The Vet Tech life continues.

Jamie Drake©

Jamie Drake ©

So I haven’t posted in a while. I’m finding that a fairly normal thing for most bloggers, and I’m okay with that.  I’m not looking to get a corporate sponsorship or anything (although, I wouldn’t mind.  I’d write a LOT more, I promise!)

What I have been doing is working. If you haven’t read any of my other blog posts you may not know that I’m a Veterinary Technician, a photographer, a mom, and an American Picker (that means I buy and sell old stuff).

I work on an Air Force Base in a US ARMY Veterinary Clinic.  It’s different than your traditional small animal clinic.  We see mainly dogs and cats, but our mission is based around the welfare of the Working Dogs. They are often referred to as K-9’s.  We also have some working cats on base too.  We don’t have a full functioning facility, we don’t offer radiology or hospitalization, we don’t have kennels, and the hours are awesome.  We do see a lot of patients though, for everything under the sun (but mostly fleas and allergies), and we conduct surgery and dental cleanings.  We refer out anything we aren’t equipped for.  It’s fun when it’s running smoothly, but like all government organizations, there are a ton of strings and rules and regs.

We also do a lot of exporting of animals.  I know how to get your pet to Japan and Hawaii and Guam and Puerto Rico. Even how to import into Qatar; just to name a few.  Sometimes it doesn’t go all that well for the owners who find that quarantine isn’t an easy process.

One of my favorite aspects of work is the people.  Military pet owners are the bomb.  They are happy we are there to help them and they care deeply for their pets, as evidenced by the copious amounts of paperwork they are willing to do on a rotating assignment basis.  We even care for some of the special therapy dogs for wounded warriors, pets for vets, and others.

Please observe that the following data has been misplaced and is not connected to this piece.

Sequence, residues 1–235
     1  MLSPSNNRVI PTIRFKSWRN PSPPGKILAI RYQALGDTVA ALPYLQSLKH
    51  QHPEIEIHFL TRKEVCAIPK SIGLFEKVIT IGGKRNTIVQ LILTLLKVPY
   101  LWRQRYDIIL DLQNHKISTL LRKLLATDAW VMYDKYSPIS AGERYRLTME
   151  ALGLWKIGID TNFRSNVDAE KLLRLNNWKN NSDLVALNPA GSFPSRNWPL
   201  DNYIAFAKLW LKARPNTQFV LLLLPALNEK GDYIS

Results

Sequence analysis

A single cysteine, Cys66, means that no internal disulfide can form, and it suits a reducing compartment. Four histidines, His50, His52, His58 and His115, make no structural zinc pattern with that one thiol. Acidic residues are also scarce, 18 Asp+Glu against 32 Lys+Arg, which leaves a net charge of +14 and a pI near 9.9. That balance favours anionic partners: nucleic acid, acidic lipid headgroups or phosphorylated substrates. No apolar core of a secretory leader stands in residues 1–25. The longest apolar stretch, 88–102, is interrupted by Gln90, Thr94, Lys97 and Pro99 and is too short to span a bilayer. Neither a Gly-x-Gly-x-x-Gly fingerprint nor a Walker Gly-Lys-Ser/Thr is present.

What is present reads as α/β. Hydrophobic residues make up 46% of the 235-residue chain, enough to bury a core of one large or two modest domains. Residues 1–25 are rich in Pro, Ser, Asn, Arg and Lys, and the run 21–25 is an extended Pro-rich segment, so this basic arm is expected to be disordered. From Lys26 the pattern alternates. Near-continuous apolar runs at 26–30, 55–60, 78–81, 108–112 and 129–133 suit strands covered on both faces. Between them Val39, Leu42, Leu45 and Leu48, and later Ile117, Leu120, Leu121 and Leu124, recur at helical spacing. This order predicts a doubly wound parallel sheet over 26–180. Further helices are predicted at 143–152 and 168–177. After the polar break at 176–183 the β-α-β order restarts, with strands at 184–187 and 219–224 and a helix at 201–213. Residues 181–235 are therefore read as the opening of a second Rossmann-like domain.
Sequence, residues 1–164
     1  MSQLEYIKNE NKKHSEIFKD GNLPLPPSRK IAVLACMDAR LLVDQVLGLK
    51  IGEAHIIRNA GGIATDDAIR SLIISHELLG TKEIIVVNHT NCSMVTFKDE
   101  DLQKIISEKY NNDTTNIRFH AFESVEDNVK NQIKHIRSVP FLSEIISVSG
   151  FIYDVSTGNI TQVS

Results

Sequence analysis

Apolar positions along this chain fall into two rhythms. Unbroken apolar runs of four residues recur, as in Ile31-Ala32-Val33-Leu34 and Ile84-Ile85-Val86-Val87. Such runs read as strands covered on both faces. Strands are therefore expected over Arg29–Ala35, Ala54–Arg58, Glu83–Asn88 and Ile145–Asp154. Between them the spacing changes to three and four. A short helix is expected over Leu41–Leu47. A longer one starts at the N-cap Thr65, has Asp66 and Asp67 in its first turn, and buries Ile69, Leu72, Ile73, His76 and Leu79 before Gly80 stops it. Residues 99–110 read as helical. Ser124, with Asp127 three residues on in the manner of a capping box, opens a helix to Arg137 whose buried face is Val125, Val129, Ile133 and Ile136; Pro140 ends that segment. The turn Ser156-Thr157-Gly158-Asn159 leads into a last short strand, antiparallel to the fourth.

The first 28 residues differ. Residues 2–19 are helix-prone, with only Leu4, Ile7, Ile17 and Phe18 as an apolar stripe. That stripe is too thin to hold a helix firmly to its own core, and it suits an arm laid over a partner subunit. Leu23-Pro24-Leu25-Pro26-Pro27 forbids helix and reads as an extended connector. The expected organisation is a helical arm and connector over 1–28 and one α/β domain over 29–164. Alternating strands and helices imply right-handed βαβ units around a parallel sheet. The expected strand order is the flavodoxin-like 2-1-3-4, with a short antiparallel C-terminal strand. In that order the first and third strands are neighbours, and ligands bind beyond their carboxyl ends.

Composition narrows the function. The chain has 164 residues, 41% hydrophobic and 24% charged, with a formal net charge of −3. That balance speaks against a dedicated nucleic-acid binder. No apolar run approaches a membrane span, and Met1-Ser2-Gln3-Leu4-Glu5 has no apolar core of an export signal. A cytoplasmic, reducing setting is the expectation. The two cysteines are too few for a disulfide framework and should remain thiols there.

We see some crazy stuff, as I’ve mentioned before.  Not all of it is good, but I’ve learned so much just because these pets come from all over the world.  We had a bull terrier in for an exam one day. She came from Mexico and she had heartworms, anaplasmosis, erlichia, and intestinal parasites.  It kind of put into perspective that our veterinary care is working, since most of the world doesn’t have the advantage of dewormers and flea and tick prevention.

I won’t end up with any funny stories today, just remember to care for your pets to the best of your ability, give them good attention, and make sure you check their TEETH!

If you’re interested in hearing about anything in particular please leave a comment.  I’m always looking for those!

Signing off for now, Jamie

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